Daniel Cawdrey on right and wrong Sabbath recreations

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NaphtaliPress

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XXIII. Secondly, They are therefore our own works that are forbidden; which, what they are, may be perceived by the opposition of God's works: Such works, as are neither works of piety, nor charity, nor tending thereunto, are properly our own, and then unlawful. And this the Commandment doth import, Six days shalt thou labour, and do all (thy) work: In it (the Sabbath) thou shalt do no manner of work: namely, thy own, the ordinary and unnecessary works of thy calling, used and permitted on the week days. So Tertullian long ago understood it. {Dicendo Tuum, de humano opere definiit, quod quisque ex arctificio, vel negotio suo exequitur. Contr. Marc. 1.4. c. 12.}

This is then the sum, All our own works, be they servile, or ingenious, toilsome, or easy, are here forbidden, as impediments of the Sab|37|bath's sanctification; This is the general. The particulars instanced in the Scripture, of plowing sowing, reaping, &c. are but comments of this text, and specials of this general.

2. But beside these, there are other works of pleasure, some of which, though perhaps delightful, are as toilsome to the body, as some works of labour; and some of them of greater distractions of the mind from the service of God, than most labours are: and therefore are in that respect, as impediments of God's service, confessedly prohibited in the fourth Commandment. Not expressly indeed, but first by implication, as thy works, opposed to God's works: And secondly, by consequence and conclusion; both as equal, if not greater impediments to the publick and private sanctification of the day: And then thirdly à minore ad majus; If honest labour be forbidden, much more honest recreations; for recreation is but the means to prepare and fit men for labour; therefore if labour, which is the end of recreation, be forbidden; much more recreation, which is but the means to labour. And indeed (which may be added) Recreation is a week day's work, as well as labour; Six days shalt thou labour, and do all that thou hast to do: But moderate Recreation is a work we have to do on the week-days, otherwise we are cruel to ourselves and ours. There is indeed, a spiritual Recreation, which is an holy joy, rejoicing, delighting in God, in his services, in his ordinances, &c. and this is the Recreation not only permitted, but required on the Sabbath, Isaiah 58 and is (as we may so say) the Spirituality of this 4th commandment. And this the Jews themselves understood to be the right manner of sanctification of the Sabbath: So Philo tells us: Moses (Lib. 3. de vita Moses) ordained that all his Commonwealth, following therein the course of nature, should spend the seventh day, in Festival, or cheerful delights, resting therein from all their works: Yet not to spend it, as some do, in laughter, childish sports, or (as the Romans did their time of publick feastings) in beholding the activity, either of the Jester, or common dancers, &c. Yea, it is confessed by some of their own, that recreations and sports, were forbidden the Jews on their Sabbath (where but in the fourth Commandment?) God (says one [Primr. p. 258. S. 20]) commanded a most exact and strict cessation from all works, |38| which other-where he calleth servile works, that is, appertaining to their temporary and ordinary callings, either for profit, or for Recreation, &c. The like is said by another [B. of E. 252] (though otherwhere he deny it) The Jews' own works, pleasures, wills and words, were such as were repugnant to the positive Law of the Sabbath, then in force. And now we proceed in the exposition of the next words. Daniel Cawdrey and Herbert Palmer, Sabbatum Redivivum: or The Christian Sabbath Vindicated (London: 1645, pts 2-4, 1652 by Cawdrey alone) 2.36-38.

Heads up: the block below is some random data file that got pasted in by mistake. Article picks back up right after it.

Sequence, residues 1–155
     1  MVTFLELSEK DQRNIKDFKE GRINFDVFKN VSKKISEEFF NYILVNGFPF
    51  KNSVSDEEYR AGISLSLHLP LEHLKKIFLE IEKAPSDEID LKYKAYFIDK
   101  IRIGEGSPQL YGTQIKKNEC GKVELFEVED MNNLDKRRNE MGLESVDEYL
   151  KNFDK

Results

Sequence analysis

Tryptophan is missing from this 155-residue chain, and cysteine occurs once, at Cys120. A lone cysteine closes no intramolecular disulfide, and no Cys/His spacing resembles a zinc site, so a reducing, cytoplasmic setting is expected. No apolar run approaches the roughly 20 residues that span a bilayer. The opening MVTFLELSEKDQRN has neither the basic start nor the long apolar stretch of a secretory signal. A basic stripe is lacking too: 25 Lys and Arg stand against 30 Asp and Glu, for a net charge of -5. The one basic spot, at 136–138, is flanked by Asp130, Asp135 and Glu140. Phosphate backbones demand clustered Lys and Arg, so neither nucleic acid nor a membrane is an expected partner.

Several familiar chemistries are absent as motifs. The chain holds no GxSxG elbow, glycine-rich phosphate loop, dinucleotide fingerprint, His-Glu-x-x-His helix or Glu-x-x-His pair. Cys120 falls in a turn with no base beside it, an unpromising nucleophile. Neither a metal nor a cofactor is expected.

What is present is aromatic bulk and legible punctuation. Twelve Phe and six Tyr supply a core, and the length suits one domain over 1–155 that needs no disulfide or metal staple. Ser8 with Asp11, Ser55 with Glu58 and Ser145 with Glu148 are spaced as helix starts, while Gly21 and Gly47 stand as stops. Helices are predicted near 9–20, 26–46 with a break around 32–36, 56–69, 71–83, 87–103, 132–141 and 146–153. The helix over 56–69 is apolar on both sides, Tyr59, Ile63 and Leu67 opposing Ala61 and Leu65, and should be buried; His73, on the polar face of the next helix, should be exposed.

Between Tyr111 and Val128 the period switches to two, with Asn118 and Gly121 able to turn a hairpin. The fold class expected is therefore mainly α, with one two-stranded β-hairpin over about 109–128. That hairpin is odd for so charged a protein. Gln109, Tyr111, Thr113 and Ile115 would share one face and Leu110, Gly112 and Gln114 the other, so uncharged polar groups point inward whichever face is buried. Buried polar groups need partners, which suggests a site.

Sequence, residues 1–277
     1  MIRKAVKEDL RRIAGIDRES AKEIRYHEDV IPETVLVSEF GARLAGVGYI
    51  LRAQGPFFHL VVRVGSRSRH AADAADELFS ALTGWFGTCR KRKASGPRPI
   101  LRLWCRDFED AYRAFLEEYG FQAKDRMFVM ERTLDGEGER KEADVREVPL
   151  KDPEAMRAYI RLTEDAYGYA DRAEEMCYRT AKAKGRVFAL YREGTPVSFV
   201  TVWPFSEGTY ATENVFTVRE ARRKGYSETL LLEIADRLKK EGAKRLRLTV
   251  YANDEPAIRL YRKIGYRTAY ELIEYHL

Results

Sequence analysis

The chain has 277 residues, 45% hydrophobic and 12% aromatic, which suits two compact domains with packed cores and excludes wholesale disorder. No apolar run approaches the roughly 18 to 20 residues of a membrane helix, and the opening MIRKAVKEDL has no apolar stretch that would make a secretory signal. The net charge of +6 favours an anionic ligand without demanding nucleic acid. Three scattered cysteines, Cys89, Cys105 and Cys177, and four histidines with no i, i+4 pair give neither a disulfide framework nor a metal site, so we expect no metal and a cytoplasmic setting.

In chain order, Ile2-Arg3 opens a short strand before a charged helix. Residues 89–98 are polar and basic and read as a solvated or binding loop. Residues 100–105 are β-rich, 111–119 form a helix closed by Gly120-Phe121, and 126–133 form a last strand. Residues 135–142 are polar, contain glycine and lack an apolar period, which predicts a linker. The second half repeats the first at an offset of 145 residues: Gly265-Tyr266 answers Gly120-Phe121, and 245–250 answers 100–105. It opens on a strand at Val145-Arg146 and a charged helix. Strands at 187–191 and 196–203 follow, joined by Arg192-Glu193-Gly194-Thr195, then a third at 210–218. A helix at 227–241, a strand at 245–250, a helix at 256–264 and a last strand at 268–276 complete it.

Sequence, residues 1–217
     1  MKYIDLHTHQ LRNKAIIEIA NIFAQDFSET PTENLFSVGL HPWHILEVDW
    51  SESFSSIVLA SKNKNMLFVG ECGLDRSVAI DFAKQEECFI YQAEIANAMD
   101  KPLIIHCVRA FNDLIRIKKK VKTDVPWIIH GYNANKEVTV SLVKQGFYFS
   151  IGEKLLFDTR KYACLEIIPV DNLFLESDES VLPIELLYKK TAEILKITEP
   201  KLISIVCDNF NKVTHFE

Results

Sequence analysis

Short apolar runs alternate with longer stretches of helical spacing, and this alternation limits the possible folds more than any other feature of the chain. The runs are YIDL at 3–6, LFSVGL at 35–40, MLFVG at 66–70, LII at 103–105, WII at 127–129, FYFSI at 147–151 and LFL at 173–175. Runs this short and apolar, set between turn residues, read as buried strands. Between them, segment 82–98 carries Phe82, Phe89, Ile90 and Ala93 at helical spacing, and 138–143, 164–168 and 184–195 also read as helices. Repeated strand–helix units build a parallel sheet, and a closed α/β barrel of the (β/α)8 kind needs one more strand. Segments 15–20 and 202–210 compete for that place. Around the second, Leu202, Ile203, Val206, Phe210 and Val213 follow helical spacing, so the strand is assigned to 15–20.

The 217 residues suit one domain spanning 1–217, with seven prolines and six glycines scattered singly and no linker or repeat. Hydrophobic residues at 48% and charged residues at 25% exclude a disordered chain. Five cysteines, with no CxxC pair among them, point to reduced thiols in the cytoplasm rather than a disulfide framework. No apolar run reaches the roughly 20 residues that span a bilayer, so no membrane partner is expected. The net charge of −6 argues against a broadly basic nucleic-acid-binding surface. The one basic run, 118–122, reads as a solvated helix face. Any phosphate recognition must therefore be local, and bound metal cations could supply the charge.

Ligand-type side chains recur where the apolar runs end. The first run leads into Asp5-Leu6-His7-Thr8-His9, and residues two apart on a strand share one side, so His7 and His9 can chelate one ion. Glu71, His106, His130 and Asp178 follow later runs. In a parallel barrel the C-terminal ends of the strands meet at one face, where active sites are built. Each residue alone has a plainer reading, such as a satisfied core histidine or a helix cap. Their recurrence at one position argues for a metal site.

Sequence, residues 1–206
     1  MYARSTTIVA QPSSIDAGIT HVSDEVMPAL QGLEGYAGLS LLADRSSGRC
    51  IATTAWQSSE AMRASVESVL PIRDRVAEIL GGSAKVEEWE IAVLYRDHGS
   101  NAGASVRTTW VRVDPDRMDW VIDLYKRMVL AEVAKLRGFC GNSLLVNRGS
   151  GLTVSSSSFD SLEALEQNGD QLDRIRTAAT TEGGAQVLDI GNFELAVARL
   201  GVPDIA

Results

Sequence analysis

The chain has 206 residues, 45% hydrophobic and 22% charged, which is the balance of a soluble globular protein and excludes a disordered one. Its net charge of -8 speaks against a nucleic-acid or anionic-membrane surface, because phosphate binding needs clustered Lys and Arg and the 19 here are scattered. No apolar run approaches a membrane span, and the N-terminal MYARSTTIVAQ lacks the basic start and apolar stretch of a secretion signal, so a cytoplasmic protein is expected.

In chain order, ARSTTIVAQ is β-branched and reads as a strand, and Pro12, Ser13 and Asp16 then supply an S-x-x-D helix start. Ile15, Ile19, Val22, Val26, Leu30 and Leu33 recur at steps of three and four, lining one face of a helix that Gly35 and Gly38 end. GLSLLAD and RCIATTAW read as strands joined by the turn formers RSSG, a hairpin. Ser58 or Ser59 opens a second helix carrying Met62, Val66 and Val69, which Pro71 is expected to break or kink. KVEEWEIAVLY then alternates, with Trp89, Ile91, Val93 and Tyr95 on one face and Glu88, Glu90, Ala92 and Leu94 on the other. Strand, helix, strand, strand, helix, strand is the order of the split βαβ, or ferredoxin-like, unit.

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Reformed Covenanter

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Thanks for sharing, Chris. The book may be read on-line here.

John Cotton also made a similar point about work and recreation: John Cotton on the fourth commandment | Reformed Covenanter

Before anyone tries to play the "Continental Sabbath" card, here are some quotes to the contrary:

Martin Bucer on the prohibition of recreation on the Sabbath | Reformed Covenanter

Johannes Wollebius and the so-called Continental Sabbath | Reformed Covenanter

Henry Bullinger on the so-called Continental Sabbath | Reformed Covenanter
 

NaphtaliPress

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Yea; I have the whole of the Cawdrey/Palmer typed up for editing but when someone puts the whole up like this it sort of dampens the enthusiasm to put any time (and it would be significant time given the isze of the work) into the text; so that project has been on the back burner.
 
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